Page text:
Gender Differences and Similarities. Strategies should also be responsive to gender differences and similarities. Studies show that while both women and men benefit from peer encouragement, CC women are more likely to intend to persist in CS if they are confident and interested in solving challenging problems, while men are more likely to intend to persist if they have positive interactions with their instructors and value computing.3 In addition, supports for men of color in CCs should be based on personal connections, engaged faculty and staff with high expectations, and opportunities to apply what they learn in the real world.2

Stronger Partnerships between Four-year Institutions and CCs. Four-year institutions should reach out to CCs to build true partnerships based on listening to CC faculty to make changes to streamline student pathways and increase flexibility along those pathways. Current patterns of transfer indicate the importance of articulation and transfer agreements6 and should be enhanced by faculty exchanges on advisory boards. At the University of Washington, Tacoma campus and at Kean University in New Jersey, such reciprocal visits have led to faculty’s heightened awareness of impacts on transfer students of program decisions. Statewide websites such as http://www.njtransfer.org and http://www.assist.org help students have transfer information at their fingertips, but should be enhanced with individualized study plans to take into account the unique pathway of each student. To ease the transfer experience of CC students, efforts should be made to familiarize them with the settings, people, and events at receiving universities. Opening hackathons to CC student participation, university open houses or regional conferences that include CC students, direct mailings to CC students, and access to university counselors and research faculty are all best practices in this area.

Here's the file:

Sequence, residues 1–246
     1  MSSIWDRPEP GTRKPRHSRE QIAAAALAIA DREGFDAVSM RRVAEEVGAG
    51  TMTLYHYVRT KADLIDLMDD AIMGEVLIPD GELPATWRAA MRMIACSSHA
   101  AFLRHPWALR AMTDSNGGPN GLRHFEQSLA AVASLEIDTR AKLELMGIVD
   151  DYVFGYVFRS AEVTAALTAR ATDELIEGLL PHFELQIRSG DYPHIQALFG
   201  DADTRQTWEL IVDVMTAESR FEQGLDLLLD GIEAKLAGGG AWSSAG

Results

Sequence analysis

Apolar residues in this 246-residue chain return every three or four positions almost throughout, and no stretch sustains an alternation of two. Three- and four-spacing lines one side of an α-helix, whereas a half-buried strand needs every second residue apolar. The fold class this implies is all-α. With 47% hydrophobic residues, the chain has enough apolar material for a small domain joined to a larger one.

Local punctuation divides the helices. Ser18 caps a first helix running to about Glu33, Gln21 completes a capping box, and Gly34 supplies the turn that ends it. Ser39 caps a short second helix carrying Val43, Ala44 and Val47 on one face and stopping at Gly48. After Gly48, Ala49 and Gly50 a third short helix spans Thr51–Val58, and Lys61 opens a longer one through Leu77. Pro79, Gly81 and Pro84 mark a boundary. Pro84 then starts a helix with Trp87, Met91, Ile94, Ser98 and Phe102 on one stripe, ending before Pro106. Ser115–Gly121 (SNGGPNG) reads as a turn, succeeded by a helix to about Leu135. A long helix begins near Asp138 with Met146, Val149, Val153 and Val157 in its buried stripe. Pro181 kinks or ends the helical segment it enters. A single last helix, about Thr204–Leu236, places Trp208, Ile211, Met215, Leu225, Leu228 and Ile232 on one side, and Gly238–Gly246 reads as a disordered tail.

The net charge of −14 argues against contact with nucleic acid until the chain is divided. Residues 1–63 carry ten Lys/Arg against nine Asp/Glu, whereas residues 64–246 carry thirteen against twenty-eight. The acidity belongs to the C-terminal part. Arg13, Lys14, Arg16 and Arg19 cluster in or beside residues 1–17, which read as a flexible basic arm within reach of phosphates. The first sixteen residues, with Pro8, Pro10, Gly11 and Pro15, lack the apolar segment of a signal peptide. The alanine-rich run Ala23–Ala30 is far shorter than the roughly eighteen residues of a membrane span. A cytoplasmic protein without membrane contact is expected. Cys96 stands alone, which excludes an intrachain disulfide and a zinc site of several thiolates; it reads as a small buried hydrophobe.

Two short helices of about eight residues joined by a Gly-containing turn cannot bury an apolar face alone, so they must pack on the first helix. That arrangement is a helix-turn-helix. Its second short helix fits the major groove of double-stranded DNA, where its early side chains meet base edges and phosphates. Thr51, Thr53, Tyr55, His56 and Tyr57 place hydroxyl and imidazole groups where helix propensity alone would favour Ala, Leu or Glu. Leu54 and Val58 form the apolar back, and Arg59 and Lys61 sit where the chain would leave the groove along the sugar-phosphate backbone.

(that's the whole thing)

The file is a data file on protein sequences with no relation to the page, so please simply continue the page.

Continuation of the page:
Research, policy, and interventions will be more effective if they are based on a realistic understanding of CC students’ experiences.

Involvement from Industry. We also advocate for the involvement of the CS industry in the call to enable students—particularly from underrepresented groups—to have the resources and information they need to efficiently move through CCs to transfer, and then through four-year institutions to bachelor’s degrees. Our research5 found that career knowledge early in CS postsecondary pathways gave students the impetus to persist in CS but that specific knowledge of job skills and preparation for particular jobs was lacking. Jaggars et al.4 found that students who grew up near a technology hub city were more likely to attain a CS bachelor’s degree; it is likely that these students were more familiar with the range of job opportunities in technology.